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CHILEAN SITE VERIFIED AS EARLIEST HABITATION OF AMERICAS; FINDINGS SHOW MONTE VERDE DATES BACK 12,500 YEARS


Site May Fuel New Debate on the Peopling of the Americas

DALLAS — Human beings migrated to the Americas 1,300 years earlier than previously thought, pushing human habitation of the New World back to some 12,500 years ago, according to a team of eminent archaeologists who verified the antiquity of the Monte Verde archaeological site in Chile.

The Chilean site was excavated by a team led by Tom Dillehay of the University of Kentucky and the Universidad Austral de Chile from 1977 to 1985. The site was investigated Jan. 3-13, 1997 by a team of archaeologists sponsored by The Dallas Museum of Natural History, Susan and Claude Albritton, Lamar Norsworthy, the Holly Corporation and the National Geographic Society, which will feature the findings in an upcoming issue of its magazine. The archaeologists reported their unanimous conclusions today in Dallas.

“It’s hard to overstate the importance of the team’s consensus,” said Alex Barker, Dallas Museum of Natural History curator of archaeology. “For 60 years, the Clovis-period entry of humans into the New World has withstood all challenges. Now the Monte Verde site establishes that humans arrived earlier.”

The Clovis horizon, named after a distinctive fluted projectile point styling, was thought to mark the earliest spread of hunter-gatherers into North America at about 11,200 years ago, coinciding with the opening of an ice-free corridor from Asia to America.

Monte Verde, located 500 miles south of Santiago, has human artifacts as well as material never seen at early American sites: remnants of hide-covered huts; a chunk of animal meat, which DNA analyses indicate is mastodon; digging sticks, finely crafted tools of bone and tusk, and more than 700 stone tools; and, a child’s footprint.

“I am fully convinced that both Monte Verde 1 (MV1) and MV2 (MV2 is the layer dating to at least 12,500 years ago; MV1 is a deeper and older layer) are cultural manifestations and push the time limit back further than previously thought,” said Dennis Stanford, curator of North American Archaeology, Smithsonian Institution. “I suspect we’ll start finding earlier sites coming out of the woodwork.”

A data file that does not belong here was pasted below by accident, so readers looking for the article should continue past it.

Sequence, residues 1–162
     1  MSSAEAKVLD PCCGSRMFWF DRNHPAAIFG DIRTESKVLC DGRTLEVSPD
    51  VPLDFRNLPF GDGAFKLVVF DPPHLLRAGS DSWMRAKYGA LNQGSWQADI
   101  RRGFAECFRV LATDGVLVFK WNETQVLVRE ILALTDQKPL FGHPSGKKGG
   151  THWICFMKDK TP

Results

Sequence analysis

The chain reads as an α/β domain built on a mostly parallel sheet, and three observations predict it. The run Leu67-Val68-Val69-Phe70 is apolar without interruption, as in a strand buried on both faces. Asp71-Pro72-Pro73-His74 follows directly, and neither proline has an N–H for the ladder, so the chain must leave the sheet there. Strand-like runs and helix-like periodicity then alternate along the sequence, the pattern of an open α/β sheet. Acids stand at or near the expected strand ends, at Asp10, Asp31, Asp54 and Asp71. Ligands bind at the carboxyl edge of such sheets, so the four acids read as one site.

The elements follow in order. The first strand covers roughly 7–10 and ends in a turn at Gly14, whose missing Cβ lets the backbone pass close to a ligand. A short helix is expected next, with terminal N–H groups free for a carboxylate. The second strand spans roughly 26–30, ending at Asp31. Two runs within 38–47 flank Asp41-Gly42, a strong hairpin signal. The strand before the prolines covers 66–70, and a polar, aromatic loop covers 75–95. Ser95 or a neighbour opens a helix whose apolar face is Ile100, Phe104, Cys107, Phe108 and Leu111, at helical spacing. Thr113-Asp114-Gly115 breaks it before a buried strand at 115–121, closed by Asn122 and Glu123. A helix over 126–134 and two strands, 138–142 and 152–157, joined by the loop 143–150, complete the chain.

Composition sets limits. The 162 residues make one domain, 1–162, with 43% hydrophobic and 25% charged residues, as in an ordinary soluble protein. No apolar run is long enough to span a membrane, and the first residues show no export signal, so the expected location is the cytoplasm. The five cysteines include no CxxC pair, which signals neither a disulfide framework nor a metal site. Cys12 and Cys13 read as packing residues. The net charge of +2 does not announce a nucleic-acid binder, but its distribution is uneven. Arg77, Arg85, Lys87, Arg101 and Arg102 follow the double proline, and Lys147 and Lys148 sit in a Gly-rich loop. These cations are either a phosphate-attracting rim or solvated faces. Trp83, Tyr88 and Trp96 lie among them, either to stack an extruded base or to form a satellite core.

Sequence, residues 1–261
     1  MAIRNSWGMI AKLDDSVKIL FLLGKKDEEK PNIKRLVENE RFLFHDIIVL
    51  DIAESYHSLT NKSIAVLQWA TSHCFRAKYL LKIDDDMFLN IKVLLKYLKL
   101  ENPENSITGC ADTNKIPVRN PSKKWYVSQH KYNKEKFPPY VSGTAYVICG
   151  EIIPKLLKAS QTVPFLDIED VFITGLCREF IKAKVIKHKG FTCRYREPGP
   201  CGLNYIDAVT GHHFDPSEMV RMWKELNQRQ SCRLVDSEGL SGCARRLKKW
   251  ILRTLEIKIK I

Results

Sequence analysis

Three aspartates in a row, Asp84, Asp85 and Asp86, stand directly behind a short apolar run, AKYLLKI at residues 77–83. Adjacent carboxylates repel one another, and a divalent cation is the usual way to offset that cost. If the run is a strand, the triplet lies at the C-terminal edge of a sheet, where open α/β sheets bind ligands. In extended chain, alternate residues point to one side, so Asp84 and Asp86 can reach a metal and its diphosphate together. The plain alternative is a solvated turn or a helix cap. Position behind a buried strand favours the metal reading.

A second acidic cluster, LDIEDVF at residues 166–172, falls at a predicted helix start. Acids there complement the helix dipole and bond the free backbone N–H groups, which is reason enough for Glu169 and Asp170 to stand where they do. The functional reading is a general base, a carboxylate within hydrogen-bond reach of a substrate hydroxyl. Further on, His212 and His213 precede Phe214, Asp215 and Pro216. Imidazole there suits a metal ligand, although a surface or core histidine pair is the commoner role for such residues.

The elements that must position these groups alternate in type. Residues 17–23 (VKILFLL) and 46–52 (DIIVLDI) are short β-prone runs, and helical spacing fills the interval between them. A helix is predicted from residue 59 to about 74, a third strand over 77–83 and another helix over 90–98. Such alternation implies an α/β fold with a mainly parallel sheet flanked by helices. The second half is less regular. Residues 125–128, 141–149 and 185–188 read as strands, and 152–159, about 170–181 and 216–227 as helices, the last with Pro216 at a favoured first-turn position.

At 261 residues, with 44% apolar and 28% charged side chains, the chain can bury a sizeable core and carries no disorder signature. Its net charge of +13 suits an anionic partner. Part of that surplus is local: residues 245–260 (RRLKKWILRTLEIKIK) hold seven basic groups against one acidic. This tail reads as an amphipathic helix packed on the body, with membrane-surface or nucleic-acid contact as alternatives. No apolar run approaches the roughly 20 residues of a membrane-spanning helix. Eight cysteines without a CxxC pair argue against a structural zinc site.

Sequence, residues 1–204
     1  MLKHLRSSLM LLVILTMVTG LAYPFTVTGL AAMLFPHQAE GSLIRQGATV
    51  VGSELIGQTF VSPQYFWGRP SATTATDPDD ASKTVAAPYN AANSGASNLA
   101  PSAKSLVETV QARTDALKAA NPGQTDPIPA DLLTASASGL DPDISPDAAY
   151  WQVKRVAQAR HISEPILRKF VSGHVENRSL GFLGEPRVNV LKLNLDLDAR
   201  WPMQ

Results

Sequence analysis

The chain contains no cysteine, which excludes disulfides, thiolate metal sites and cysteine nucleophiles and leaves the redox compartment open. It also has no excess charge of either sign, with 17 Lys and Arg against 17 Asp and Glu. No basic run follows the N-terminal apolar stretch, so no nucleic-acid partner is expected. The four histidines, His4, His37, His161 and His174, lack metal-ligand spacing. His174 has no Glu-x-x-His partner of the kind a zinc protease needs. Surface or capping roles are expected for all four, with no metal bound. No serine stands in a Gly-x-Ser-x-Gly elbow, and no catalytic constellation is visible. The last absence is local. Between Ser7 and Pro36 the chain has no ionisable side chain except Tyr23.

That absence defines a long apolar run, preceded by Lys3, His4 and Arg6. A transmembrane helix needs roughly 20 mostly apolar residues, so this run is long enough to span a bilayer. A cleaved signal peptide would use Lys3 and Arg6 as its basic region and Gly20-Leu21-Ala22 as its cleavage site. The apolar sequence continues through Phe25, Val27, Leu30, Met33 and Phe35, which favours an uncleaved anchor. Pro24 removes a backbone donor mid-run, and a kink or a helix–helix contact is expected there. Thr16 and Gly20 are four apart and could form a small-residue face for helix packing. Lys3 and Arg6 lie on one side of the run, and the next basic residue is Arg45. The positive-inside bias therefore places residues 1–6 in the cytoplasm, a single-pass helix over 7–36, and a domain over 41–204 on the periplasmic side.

“The implications of Monte Verde are profound,” said David Meltzer, professor of anthropology at Southern Methodist University. “While it’s only a thousand years older than the previously accepted dates, its location 10,000 miles south of the Bering land bridge route that the first Americans took into the New World implies a fundamentally different history of human colonization of the Americas.”

George Stuart, National Geographic’s chief archaeologist and chairman of the Society’s Committee for Research and Exploration, said, “All of the numerous pre-Clovis sites proposed through the decades have had a shadow over them. The Monte Verde conclusion is as definitive as archaeology gets.”

The Dallas Museum of Natural History, located in Dallas’ historic Fair Park, receives a third of a million visitors each year. In addition to the Monte Verde project, museum curators also are currently conducting archaeological projects in Texas and Louisiana, and paleontological projects in Texas, Wyoming and Colorado.


In addition to Dillehay and Barker, the team included:

- Jim Adovasio, Professor of Anthropology, Mercyhurst College;
- Robson Bonnichsen, Director, Center for The Study of the First American, Oregon
State University;
- Dena Dincauze, Professor of Anthropology, University of Massachusetts;
- Donald Grayson, Professor of Anthropology, University of Washington;
- Vance Haynes, Professor of Anthropology, University of Arizona;
- David Meltzer, Professor of Anthropology, Southern Methodist University;
- Francisco Mena, Curator, Museo Chileno de Arte Precolombino;
- Lautaro Nunez, Research Associate, Smithsonian Institution; and,
- Dennis Stanford, Curator of North American Archaeology, Smithsonian Institution.


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